Debra Messing, Eva Longoria and others use Golden Globes red carpet to address pay inequality

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Red carpets are known for glitz, glam and buzzy conversations about who's wearing what. But Sunday night's Golden Globes spotlighted a more powerful theme, and one that goes well beyond Hollywood.

Many celebrities wore all black to the event, standing in solidarity with the #MeToo and Time's Up movements and looking to draw attention to sexual assault, harassment and inequality in the workplace.

In an interview with E! News, actress Debra Messing used her red carpet moment to not only discuss why she wore black, but to also challenge the network's own track record in delivering workplace equality.

"We want diversity, we want intersectional gender parity, and we want equal pay," Messing told E! News host Giuliana Rancic. "I was so shocked to hear E! doesn't believe in paying their female co-hosts the same as their male co-hosts. I miss Catt Sadler. We stand with her."

In an interview with Ryan Seacrest, Eva Longoria and Reese Witherspoon also showed support for Sadler, who left the network in December after learning she was paid less than her male co-host.

"We're also here for Time's Up, we support gender equality and equal pay and we hope that E! follows that lead and we stand with Catt," said Longoria. Witherspoon echoed her sentiments.

People reports that Sadler, who had been with the network for almost 12 years, was in negotiations to extend her contract when she discovered that her male co-host, Jason Kennedy, had been making double her salary.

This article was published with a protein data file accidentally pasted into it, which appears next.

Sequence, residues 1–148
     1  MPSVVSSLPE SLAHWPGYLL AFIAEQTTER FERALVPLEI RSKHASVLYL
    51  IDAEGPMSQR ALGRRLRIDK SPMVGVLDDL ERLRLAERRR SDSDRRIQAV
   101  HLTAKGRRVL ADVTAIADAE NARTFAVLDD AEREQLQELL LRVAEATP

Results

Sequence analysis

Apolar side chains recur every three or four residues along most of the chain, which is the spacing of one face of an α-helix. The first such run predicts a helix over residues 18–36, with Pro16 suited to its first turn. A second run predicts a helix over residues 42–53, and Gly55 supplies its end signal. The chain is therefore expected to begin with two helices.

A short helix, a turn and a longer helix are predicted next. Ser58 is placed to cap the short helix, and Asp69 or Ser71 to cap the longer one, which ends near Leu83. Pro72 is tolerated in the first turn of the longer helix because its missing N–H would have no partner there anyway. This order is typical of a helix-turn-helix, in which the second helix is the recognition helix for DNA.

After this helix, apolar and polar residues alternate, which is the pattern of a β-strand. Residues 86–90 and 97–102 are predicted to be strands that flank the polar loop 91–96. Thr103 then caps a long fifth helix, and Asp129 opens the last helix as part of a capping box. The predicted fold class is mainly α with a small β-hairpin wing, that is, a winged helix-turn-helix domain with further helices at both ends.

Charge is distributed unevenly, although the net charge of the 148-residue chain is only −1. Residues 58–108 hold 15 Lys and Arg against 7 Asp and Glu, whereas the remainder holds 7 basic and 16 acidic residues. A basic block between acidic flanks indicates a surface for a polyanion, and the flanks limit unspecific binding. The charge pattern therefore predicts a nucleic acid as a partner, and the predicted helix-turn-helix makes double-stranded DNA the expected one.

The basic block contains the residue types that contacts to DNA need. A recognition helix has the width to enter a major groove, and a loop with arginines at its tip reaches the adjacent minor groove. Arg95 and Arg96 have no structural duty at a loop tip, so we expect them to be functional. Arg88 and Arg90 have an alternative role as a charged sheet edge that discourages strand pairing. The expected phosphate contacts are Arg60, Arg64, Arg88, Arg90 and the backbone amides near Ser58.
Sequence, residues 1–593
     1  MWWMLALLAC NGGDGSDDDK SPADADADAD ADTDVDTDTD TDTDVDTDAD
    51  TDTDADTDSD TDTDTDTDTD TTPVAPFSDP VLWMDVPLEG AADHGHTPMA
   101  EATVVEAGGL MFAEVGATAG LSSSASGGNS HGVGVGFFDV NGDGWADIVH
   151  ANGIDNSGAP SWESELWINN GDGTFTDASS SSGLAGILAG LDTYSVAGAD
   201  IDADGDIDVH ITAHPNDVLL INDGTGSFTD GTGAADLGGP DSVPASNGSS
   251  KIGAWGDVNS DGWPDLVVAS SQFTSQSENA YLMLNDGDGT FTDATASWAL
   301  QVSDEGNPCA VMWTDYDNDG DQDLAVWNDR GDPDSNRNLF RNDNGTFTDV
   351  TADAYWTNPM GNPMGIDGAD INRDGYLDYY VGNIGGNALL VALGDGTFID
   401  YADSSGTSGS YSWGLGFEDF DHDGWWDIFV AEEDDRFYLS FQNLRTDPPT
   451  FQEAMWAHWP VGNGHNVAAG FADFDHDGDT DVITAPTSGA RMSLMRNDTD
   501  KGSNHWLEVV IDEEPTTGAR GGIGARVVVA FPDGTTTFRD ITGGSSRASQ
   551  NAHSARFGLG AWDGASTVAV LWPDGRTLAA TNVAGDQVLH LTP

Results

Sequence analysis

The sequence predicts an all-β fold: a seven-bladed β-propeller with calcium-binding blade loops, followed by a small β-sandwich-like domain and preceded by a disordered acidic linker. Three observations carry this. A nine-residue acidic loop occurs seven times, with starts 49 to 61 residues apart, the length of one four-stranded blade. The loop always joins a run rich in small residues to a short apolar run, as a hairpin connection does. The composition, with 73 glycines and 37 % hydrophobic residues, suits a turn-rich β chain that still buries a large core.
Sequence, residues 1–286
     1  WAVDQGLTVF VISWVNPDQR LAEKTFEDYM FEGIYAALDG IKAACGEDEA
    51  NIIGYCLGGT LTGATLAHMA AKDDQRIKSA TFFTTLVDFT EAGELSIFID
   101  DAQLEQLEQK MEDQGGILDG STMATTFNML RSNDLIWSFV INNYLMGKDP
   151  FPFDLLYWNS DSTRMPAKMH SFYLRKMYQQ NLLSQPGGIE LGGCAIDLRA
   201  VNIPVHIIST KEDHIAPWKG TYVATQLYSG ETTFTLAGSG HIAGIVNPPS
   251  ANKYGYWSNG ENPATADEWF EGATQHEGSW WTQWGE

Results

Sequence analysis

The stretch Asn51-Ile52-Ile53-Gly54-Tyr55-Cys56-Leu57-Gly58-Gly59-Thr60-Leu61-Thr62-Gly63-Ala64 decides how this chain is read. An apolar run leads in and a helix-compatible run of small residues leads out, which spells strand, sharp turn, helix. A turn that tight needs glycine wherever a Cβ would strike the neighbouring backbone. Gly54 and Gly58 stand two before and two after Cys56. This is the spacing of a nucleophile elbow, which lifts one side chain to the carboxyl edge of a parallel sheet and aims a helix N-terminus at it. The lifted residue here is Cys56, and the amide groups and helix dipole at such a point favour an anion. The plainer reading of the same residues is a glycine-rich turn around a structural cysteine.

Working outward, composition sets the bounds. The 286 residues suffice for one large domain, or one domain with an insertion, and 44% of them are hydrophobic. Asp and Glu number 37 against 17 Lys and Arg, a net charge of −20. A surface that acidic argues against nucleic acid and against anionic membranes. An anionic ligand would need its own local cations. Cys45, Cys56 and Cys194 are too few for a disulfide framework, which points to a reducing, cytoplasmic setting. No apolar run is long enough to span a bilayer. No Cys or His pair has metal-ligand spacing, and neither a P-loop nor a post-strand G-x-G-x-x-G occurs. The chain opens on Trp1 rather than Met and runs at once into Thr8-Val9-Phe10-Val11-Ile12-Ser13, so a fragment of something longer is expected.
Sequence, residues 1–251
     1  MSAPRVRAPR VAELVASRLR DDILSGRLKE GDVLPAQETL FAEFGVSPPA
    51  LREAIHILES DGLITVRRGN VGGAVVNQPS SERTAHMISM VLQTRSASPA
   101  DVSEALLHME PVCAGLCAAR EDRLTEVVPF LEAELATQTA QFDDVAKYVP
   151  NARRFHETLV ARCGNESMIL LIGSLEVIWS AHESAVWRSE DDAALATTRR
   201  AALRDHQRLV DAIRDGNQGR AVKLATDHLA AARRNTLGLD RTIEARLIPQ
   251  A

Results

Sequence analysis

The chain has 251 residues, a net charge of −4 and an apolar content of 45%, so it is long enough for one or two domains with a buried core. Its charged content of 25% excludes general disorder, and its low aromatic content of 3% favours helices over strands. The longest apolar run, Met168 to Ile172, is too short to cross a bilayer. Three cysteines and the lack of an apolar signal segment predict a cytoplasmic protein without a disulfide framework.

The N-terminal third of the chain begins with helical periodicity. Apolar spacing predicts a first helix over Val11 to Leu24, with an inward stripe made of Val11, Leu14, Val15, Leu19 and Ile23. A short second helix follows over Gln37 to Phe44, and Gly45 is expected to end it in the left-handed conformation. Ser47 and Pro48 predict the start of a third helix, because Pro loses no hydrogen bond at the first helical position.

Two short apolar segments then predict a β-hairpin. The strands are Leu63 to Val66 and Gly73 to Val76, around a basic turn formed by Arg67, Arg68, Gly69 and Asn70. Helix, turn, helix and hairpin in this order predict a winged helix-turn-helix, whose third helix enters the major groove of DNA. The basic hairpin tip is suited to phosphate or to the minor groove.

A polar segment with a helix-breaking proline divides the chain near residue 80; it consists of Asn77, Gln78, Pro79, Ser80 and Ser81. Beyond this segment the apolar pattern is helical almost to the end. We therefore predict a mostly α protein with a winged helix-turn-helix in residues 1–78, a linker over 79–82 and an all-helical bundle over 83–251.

"That was really hard to swallow, but you know information is supposed to be power and when my team began negotiations knowing what we knew, that was the barometer in which I expected to be paid, based on the law and based on what I know to be fair," she said.

Despite further negotiations, Sadler says the network wouldn't even come close to paying her what they paid Kennedy and as a result she decided to leave.

"It's almost insulting because you know you work really hard," said Sadler. "I'm a single mom of two kids. I've given my all to this network. I've sacrificed time away from my family and I have dedicated my entire career to this network. And when you learn something like that, it makes you feel very small and underappreciated and undervalued."

An E! spokesperson denied claims that Kennedy was paid more in a statement to People and said, "E! compensates employees fairly and appropriately based on their roles, regardless of gender."

According to the Institute for Women's Policy Research, women are still paid 20 percent less than their male counterparts for equal work. Research shows that women won't reach pay equality until 2059. For Hispanic women, equality won't be reached until 2233, and for black women 2124.

"This is about every women in every industry globally," said Messing.

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